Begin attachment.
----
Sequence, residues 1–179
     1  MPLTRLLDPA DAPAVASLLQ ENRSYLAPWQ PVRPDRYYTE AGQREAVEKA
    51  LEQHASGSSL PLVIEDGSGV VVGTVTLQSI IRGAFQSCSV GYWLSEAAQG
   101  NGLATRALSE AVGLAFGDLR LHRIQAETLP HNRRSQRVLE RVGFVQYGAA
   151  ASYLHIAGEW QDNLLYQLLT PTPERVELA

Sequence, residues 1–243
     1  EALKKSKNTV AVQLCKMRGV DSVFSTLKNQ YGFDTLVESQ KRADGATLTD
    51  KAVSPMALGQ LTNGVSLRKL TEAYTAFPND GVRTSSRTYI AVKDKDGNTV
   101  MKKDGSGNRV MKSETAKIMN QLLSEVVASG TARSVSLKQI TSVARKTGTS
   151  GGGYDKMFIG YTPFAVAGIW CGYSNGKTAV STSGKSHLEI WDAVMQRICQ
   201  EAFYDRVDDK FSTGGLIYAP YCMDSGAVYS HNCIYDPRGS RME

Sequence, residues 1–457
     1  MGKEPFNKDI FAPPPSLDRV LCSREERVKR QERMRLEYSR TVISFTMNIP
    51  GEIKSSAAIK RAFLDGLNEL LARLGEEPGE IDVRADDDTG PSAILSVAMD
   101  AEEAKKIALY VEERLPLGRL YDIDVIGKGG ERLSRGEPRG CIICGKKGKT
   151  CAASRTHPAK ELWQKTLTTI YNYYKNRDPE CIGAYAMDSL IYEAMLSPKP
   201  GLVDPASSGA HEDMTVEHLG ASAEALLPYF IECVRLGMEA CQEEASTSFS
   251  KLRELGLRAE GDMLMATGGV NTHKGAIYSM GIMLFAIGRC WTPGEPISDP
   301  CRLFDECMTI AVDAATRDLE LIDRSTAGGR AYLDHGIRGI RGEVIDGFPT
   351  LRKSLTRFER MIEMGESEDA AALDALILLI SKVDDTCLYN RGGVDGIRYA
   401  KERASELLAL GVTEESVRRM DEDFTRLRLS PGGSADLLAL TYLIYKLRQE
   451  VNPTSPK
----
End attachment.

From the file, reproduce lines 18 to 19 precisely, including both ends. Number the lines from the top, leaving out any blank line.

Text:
   251  KLRELGLRAE GDMLMATGGV NTHKGAIYSM GIMLFAIGRC WTPGEPISDP
   301  CRLFDECMTI AVDAATRDLE LIDRSTAGGR AYLDHGIRGI RGEVIDGFPT